Thursday 17 October 2019

Martina Devlin: 'Kevin Lunney was abducted and tortured to create climate of terror... lawlessness is putting down roots in Quinn Country'

Photo: Quinn Industrial Holdings/PA Wire
Photo: Quinn Industrial Holdings/PA Wire
Martina Devlin

Martina Devlin

Let's call things by their true names. Kevin Lunney wasn't assaulted or given a punishment beating. He was tortured. Terrorised. Fingernails pulled out, leg broken with an iron bar, face and neck slashed with a Stanley knife.

What happened to him was a visible and horrifying act designed to intimidate others. It's a mercy he's alive.

The hooded men who kidnapped him - acting with the audacity of people convinced the law will never catch up with them - are the kind who'd kill without hesitation.

Please log in or register with Independent.ie for free access to this article.

Log In

Why was he targeted - rammed off the road and bundled into the boot of a car, with his own vehicle torched?

Because he runs Quinn Industrial Holdings (QIH) - that's a given. And because some Quinn supporters resent the family's expulsion from the business they built up from scratch - that can't be ruled out.

The level of violence, the way it was orchestrated, its coercive intent, distinguish this case as sinister.

Attacks on business people have been carried out before, such as in 1987 when Dublin dentist John O'Grady (taken in error for his magnate father-in-law) had two fingertips chopped off by his republican kidnapper Dessie O'Hare.

But this snatch is particularly chilling. It terrifies. Deliberately.

Mr Lunney's abductors had the plan, place and equipment prepared and their savagery was meant to warn managers at QIH: "You could be next."

US-based bankers and bondholders due to attend aboard meeting this week stayed away, while others who had already arrived caught the first flight out. No wonder. A climate of fear has been created.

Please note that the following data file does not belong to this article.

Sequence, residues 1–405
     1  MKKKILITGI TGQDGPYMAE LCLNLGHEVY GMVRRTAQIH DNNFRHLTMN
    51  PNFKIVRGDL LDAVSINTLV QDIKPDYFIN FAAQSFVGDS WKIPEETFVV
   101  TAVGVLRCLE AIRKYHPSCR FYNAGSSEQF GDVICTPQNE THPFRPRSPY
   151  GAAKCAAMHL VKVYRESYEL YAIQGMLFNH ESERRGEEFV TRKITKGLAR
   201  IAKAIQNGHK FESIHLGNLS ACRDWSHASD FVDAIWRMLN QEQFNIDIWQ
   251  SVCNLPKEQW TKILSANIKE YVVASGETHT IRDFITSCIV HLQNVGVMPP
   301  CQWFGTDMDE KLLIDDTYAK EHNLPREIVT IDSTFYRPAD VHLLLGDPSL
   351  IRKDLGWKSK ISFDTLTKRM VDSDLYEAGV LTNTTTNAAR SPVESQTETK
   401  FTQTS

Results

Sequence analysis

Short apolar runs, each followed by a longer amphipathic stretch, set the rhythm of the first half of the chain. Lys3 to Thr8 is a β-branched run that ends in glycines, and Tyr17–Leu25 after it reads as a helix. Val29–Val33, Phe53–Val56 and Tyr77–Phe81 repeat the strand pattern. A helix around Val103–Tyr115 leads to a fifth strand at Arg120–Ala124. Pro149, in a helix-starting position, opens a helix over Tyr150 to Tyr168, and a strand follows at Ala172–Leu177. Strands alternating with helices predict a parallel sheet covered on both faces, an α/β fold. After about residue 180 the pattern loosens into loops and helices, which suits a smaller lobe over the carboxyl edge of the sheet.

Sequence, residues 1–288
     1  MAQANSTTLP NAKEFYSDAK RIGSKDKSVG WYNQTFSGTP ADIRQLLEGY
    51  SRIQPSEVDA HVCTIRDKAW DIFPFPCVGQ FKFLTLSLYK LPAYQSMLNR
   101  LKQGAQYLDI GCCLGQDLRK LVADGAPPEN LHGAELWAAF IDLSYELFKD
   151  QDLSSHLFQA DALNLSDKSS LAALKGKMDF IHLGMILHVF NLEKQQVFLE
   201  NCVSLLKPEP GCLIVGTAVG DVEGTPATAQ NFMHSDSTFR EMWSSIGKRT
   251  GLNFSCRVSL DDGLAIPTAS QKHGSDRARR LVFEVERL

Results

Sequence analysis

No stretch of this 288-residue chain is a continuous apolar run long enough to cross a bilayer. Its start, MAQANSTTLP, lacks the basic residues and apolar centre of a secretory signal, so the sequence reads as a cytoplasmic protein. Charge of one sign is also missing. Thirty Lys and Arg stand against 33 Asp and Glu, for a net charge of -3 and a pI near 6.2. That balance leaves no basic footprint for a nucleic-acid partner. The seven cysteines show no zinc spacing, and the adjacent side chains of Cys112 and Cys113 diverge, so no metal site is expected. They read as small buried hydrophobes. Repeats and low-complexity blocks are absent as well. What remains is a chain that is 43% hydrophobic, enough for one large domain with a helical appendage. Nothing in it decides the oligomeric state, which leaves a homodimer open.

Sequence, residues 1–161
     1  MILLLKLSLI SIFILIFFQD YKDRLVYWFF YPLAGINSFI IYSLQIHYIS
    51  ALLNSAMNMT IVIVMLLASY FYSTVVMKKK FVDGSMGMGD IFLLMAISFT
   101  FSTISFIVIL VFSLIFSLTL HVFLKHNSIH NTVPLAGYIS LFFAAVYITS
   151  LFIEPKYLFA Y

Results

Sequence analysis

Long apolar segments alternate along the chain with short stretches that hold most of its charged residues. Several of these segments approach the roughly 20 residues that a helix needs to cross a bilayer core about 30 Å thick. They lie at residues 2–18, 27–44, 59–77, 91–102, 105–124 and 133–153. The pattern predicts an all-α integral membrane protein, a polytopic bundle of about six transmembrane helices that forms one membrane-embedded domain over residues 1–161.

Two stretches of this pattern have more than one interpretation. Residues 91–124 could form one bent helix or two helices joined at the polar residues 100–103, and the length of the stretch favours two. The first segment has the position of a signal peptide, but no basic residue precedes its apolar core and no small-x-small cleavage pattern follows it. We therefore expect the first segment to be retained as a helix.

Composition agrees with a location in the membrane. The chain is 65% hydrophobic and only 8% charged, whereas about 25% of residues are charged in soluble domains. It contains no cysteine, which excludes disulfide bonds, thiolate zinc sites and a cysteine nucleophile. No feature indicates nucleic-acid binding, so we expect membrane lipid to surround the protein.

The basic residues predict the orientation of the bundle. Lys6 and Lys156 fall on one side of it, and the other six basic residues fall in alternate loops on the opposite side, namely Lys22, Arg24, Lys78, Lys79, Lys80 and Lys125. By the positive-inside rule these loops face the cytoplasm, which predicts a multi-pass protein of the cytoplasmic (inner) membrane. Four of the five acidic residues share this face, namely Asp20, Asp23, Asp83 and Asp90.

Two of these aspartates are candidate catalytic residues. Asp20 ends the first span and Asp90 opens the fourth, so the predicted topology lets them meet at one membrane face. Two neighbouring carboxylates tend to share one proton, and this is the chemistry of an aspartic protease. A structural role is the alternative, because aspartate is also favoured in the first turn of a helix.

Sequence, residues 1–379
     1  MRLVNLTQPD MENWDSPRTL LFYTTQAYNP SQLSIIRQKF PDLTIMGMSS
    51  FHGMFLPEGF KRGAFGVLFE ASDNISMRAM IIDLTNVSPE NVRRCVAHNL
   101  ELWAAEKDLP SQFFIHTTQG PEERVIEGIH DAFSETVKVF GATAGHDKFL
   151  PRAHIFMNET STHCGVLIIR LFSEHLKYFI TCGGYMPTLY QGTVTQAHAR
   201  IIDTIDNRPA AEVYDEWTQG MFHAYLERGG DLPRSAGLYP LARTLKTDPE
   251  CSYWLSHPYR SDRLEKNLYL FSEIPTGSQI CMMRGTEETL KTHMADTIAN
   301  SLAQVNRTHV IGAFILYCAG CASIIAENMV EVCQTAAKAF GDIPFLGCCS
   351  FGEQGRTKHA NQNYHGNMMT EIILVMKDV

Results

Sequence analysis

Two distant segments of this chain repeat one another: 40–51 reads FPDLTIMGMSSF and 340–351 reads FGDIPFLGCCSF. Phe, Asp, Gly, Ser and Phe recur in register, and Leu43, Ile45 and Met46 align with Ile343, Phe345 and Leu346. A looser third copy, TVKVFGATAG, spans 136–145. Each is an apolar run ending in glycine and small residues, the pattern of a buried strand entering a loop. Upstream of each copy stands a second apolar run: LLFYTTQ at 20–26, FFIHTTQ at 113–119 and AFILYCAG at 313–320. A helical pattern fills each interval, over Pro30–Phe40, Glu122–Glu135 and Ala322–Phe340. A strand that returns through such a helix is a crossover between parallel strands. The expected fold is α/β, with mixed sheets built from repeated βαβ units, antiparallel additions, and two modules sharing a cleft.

The 50-year-old chief operating officer at QIH was grabbed near the company's Derrylin HQ in Co Fermanagh, driven over the Border and forced to endure two hours of torment. Later, he was dumped on the roadside at Cornafean in Co Cavan.

Inevitably, managers at Quinn must feel vulnerable. If Mr Lunney can be spirited away in broad daylight, driving home from work, none of his colleagues can feel safe. Apparently, all sorts of threats were uttered during the father of six's ordeal, including that every bone in his body would be broken one by one. Can you imagine the level of fear that must generate in their families?

Senior staff are condemned now to look over their shoulders constantly, starting at any sudden noise. Every time someone goes to work, their loved ones must worry they won't come home. The toll this takes on mental and physical health is devastating.

No job is worth those stress levels.

Precisely what Mr Lunney's captors are banking on, of course. That managers will dread being caught up in the escalating violence in the Cavan-Fermanagh region - and will vote with their feet.

Gardaí and PSNI are cooperating but the community is silent. It doesn't mean people endorse what happened but they are reluctant - maybe scared of reprisals - to name suspects. Without leads, evidence and witnesses, police can do little.

The identities of at least the perpetrators must be known locally. But Garda Commissioner Drew Harris admits investigations into incidents in the area have been "difficult".